The Shuchat Arts Fellowship Program (SAFP) provides students in art, music or theatre an opportunity to develop their experience and expertise through significant independent summer projects, working closely under the guidance of faculty mentors. This year’s mentor was Assistant Professor Cayla Skillin-Brauchle.
Funding for this program is made possible through a generous, multi-year pledge from Terry N. Shuchat '62.
This year, the Shuchat Fellowship recipients in Art are Billy Ullmann, Emma Stocker and Sarah Grahn. The show will run from Aug. 24 through Sept. 4 in the Art Building’s Student Gallery (room 211).
The 2020 Shuchat Projects, in each artist’s own words
Billy Ullmann (Knot Feelings)
Knot Feelings is a family of soft sculptures inspired by internal and external body parts, ideas of connection, and love. Some are filled to the brim with stuff and guts; others are empty inside and void of filling. Each Knot Feeling untangles concepts of femininity, attachment and repetitive actions.
Emma Stocker (Cryptids)
My Cryptids stem from a need to believe in and imagine non-real things in the world we live in. Living in the Pacific Northwest surrounded by mysterious forests and dense wilderness evokes a strong desire within me to see more beyond what we can see with the naked eye. It is from this feeling that I began to imagine these otherworldly Cryptids and strived to give them physical forms to allow others to experience the same kind of fantastical encounters I desire to find myself.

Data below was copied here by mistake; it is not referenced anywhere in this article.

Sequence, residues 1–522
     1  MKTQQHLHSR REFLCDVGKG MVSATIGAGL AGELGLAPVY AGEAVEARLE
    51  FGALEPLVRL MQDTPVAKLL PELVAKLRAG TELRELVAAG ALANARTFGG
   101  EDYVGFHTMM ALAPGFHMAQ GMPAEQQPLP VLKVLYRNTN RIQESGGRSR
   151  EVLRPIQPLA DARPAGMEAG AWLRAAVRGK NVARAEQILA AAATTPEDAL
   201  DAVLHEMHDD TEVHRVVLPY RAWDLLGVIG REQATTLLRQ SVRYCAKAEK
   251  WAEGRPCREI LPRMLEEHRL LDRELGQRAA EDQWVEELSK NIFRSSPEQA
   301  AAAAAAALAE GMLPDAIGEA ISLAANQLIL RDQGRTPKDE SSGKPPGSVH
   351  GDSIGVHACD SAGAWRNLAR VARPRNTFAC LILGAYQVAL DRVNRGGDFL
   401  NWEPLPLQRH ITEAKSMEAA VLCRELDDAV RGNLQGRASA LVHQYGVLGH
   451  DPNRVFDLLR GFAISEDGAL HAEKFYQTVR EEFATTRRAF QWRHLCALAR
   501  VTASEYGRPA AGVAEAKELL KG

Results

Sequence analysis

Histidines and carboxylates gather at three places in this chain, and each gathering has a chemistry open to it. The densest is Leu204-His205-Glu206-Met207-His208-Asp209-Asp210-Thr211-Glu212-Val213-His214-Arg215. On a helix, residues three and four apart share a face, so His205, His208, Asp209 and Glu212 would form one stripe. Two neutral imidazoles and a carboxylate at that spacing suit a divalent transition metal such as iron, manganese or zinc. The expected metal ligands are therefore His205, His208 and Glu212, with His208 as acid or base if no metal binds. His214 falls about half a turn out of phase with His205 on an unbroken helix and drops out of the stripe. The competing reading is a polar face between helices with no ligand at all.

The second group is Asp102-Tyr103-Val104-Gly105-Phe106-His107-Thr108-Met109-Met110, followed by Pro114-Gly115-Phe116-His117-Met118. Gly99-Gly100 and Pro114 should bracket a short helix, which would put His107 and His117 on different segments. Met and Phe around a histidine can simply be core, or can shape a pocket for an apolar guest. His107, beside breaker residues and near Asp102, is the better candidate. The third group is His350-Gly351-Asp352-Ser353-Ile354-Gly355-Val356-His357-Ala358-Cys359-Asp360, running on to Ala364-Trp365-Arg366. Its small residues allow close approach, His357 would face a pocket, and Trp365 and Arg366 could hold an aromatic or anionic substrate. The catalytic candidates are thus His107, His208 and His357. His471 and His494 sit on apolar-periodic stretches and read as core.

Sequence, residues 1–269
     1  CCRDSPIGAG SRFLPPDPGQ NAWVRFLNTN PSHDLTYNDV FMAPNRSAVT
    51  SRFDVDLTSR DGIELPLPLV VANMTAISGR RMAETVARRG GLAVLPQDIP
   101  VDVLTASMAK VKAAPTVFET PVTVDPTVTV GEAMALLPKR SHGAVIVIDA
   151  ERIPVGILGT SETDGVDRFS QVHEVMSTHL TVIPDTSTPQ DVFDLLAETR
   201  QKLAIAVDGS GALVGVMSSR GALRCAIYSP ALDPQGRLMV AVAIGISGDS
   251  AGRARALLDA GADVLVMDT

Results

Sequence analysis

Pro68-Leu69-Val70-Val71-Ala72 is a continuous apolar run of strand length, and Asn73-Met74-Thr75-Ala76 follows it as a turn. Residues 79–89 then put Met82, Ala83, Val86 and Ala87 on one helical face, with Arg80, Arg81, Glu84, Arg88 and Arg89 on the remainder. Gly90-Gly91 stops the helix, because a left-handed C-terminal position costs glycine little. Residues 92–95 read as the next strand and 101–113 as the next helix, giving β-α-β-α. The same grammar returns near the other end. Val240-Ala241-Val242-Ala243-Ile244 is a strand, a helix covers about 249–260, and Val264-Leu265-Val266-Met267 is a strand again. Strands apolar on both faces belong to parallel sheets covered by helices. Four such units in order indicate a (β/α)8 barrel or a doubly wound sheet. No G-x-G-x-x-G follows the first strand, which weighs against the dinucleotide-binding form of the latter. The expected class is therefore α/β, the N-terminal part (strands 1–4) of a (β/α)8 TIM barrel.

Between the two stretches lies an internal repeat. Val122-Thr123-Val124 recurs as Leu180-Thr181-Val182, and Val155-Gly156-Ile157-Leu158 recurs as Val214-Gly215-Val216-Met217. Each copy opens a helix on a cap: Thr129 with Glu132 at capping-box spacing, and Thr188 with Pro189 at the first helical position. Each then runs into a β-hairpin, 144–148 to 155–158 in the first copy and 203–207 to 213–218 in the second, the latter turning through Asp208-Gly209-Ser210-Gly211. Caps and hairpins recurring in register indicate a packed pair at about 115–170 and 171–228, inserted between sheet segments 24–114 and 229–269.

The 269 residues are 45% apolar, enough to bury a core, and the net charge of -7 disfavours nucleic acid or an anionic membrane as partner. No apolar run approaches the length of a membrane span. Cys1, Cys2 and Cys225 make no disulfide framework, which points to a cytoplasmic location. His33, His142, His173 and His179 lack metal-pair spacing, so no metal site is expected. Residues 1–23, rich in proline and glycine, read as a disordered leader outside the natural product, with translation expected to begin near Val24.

Sarah Grahn (Moss and Meditation)
My Shuchat project was designed as an exploration of Minto Brown Island Park. Mindfulness walks and observational drawing are tools I used to create a more well rounded image of a park that I had originally viewed primarily through a scientific lens. As an active restoration site, Minto brown provides an opportunity to view the relationship between native and invasive species in day to day life. Through my artwork I wanted to explore how I could visually distort and challenge the perceived relationship between native species such as the Spotted Towhee and invasive species such as the Himalayan Blackberry.